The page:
The pseudo-second-order model (7) is formulated aswhere k2 is the rate constant for the pseudo-second-order model and the pseudo-second-order rate constants were detected experimentally by plotting t/q against t.

3. Results

3.1. Isolation and Identification

Twenty-three zinc-resistant bacterial isolates were recovered from ten rhizosphere soil samples of wild grasses collected from Riyadh (24°42′42″ N, 46°43′27″ E), Saudi Arabia. The obtained isolates were first screened to grow and resist higher concentrations of Zn(II) metal ions (50–250 ppm) and the resulted data indicated that the isolate number SA-101 is the highly resistant bacterial species with the highest minimum inhibition concentration (MIC) of zinc metal ion (140 ppm). The bacterial strain SA-101 was selected for phenotypic and genotypic identification and for further studies of Zn(II) biosorption from solution.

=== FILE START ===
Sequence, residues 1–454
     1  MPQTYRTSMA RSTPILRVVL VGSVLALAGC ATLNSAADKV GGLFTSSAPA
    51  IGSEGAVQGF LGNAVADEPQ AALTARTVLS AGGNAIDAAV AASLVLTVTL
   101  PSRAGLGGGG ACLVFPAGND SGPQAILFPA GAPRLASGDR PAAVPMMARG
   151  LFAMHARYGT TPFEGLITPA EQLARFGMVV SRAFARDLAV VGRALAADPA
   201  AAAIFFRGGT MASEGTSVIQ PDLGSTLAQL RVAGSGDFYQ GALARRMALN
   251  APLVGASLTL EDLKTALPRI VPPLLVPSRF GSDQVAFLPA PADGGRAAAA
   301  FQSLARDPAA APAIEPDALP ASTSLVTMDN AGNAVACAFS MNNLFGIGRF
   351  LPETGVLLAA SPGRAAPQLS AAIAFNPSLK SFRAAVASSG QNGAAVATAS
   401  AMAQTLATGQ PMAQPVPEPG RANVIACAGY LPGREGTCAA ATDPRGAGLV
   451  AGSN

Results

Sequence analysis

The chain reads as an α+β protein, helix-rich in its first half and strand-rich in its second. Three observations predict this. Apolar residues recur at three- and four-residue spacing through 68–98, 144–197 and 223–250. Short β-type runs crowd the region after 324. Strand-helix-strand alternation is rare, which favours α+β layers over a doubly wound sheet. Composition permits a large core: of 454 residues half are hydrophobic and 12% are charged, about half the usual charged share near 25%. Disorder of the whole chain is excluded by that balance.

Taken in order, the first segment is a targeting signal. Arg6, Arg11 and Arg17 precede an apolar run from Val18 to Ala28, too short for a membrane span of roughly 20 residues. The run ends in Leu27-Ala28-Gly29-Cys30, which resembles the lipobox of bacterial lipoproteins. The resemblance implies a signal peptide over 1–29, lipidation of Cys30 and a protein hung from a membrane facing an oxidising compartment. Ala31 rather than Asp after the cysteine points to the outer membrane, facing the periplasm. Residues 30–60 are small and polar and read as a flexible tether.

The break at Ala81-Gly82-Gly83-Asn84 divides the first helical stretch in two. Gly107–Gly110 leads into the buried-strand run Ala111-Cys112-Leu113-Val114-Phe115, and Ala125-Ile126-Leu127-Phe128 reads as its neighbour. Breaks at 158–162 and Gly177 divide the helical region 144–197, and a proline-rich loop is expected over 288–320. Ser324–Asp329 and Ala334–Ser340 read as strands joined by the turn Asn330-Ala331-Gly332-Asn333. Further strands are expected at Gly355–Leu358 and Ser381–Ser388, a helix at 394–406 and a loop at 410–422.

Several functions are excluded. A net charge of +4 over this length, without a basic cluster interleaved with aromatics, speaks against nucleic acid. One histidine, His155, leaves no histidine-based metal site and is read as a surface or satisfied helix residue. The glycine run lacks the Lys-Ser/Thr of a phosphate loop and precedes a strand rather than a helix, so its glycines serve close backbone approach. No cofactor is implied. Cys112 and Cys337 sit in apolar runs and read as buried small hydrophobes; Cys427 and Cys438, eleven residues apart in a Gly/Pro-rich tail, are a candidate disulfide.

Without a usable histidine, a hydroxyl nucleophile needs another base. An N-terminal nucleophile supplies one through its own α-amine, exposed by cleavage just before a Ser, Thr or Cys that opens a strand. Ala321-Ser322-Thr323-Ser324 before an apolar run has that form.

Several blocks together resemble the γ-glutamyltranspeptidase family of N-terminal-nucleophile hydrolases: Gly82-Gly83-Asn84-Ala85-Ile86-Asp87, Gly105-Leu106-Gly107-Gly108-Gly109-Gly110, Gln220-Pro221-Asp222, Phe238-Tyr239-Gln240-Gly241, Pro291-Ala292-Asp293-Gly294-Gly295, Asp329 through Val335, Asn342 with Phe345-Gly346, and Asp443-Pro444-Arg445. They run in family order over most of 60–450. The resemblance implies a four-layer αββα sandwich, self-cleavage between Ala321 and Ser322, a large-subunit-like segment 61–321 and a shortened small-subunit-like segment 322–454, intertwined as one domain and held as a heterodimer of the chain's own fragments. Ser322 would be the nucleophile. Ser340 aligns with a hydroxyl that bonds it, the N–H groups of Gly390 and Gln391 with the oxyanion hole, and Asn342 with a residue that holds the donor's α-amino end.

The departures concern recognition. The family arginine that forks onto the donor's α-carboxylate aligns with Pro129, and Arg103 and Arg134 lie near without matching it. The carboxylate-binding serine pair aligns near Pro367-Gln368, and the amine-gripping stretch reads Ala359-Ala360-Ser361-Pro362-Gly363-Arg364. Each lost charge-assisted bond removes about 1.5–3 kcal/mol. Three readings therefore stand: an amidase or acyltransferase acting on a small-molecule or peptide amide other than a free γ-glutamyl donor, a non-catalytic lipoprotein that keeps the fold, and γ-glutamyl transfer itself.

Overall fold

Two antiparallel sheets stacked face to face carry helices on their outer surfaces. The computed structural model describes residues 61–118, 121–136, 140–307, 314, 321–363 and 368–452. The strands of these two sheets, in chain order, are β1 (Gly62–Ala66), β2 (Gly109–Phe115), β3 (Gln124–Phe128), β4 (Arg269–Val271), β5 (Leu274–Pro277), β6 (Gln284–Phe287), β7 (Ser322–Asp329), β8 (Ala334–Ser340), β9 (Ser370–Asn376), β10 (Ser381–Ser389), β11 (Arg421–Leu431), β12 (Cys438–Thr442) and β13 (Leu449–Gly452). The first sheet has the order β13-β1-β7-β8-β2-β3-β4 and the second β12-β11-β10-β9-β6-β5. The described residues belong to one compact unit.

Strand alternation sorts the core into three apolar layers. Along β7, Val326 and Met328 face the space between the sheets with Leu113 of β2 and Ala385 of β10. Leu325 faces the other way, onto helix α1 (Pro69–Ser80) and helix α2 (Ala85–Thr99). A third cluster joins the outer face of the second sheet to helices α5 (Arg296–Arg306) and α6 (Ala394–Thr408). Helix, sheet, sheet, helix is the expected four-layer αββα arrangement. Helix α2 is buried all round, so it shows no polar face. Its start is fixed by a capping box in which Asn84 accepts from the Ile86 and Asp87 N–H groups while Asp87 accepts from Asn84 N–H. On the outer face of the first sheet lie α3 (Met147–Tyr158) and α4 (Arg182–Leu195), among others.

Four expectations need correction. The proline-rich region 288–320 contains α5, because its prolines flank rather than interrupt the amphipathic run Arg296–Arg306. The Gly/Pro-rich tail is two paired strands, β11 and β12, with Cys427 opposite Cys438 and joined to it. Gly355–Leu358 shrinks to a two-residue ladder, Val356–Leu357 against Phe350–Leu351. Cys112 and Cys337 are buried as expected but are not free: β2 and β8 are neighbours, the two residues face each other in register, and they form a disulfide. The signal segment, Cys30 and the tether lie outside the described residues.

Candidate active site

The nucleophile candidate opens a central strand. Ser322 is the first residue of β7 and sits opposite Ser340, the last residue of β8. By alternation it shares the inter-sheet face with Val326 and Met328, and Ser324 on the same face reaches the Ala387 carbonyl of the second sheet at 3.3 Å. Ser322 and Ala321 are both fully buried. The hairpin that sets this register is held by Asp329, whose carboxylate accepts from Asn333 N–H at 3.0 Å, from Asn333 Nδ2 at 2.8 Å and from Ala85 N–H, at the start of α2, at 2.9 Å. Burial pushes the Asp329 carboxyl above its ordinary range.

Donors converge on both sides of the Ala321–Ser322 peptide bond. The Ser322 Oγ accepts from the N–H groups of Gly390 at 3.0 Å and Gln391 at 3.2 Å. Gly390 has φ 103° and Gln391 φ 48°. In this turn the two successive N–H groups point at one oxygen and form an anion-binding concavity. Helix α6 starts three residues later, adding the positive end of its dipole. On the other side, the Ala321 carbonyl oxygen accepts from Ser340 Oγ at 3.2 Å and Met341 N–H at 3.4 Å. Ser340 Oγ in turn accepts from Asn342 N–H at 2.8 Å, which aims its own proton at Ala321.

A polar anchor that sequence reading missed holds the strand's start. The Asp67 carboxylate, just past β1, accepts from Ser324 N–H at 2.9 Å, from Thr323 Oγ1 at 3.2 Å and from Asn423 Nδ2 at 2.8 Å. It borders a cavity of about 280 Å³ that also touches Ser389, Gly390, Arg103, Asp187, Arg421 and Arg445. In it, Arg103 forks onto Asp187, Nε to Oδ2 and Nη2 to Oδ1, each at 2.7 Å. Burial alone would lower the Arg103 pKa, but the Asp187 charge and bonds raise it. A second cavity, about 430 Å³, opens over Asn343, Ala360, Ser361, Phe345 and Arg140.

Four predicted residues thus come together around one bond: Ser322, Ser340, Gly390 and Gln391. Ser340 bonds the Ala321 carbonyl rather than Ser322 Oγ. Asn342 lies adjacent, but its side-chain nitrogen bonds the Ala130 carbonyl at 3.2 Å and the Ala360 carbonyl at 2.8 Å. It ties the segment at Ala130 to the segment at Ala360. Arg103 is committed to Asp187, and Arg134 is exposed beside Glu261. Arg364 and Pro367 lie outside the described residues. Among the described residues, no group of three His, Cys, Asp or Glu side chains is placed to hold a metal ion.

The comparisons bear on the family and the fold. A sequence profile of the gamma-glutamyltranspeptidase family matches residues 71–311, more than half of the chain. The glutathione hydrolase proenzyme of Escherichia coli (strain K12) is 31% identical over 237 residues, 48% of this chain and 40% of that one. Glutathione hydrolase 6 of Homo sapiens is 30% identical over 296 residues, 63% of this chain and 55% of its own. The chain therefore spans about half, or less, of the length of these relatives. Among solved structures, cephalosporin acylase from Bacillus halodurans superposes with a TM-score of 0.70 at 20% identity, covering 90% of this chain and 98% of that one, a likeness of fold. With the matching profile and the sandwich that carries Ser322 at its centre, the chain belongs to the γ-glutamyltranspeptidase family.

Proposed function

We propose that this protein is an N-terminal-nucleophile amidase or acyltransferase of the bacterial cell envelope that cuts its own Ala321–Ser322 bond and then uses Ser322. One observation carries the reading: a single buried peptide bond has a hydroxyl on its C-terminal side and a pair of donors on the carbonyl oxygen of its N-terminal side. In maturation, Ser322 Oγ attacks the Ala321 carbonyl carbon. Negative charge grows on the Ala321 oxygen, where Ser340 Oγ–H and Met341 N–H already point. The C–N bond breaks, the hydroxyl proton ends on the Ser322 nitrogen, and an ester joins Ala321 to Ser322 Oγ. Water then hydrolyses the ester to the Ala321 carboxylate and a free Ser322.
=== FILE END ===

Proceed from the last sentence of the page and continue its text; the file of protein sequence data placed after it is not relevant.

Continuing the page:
A bacterial strain, SA-101, was described and characterized morphologically and biochemically (Table 1). This bacterium was Gram-negative rod-shaped of raised circular creamy colored colonies with entire edge. The cells were motile without endospores. The strain was positive for oxidase, catalase, indole, lactose, fructose, and mannitol, while it was negative for glucose, urease, nitrate reduction, methyl red, and Voges–Proskauer. The strain was not able to grow at 5°C and 45°C. Based on these phenotypic characteristics, the bacterial strain was identified as Delftia spp. SA-101. For identification of this bacterial strain on the species level, a partial 864 pb sequence of 16S rRNA genes of Delftia spp. SA-101 was compared and aligned to the sequences in the NCBI GenBank database, which revealed that this bacterial strain had 97.2% nucleotide base identity to D. tsuruhatensis MN229467. This strain was identified as Delftia tsuruhatensis SA-101. The nucleotide sequence of D. tsuruhatensis SA-101 has been recorded in the NCBI GenBank database under accession number MW629784. The sequence of D. tsuruhatensis SA-101 (MW629784) was constructed in phylogenic tree (Figure 1) with the most related 16S rRNA gene sequences of NCBI GenBank database. The evolutionary history was assumed by the neighbor-joining method. A tree with the sum of branch length = 5.65131310 is shown. The evolutionary distances were computed using the maximum composite likelihood method and are in units of the number of base substitutions per site. All positions containing gaps and missing data were eliminated. There are a total of 753 positions in the final dataset.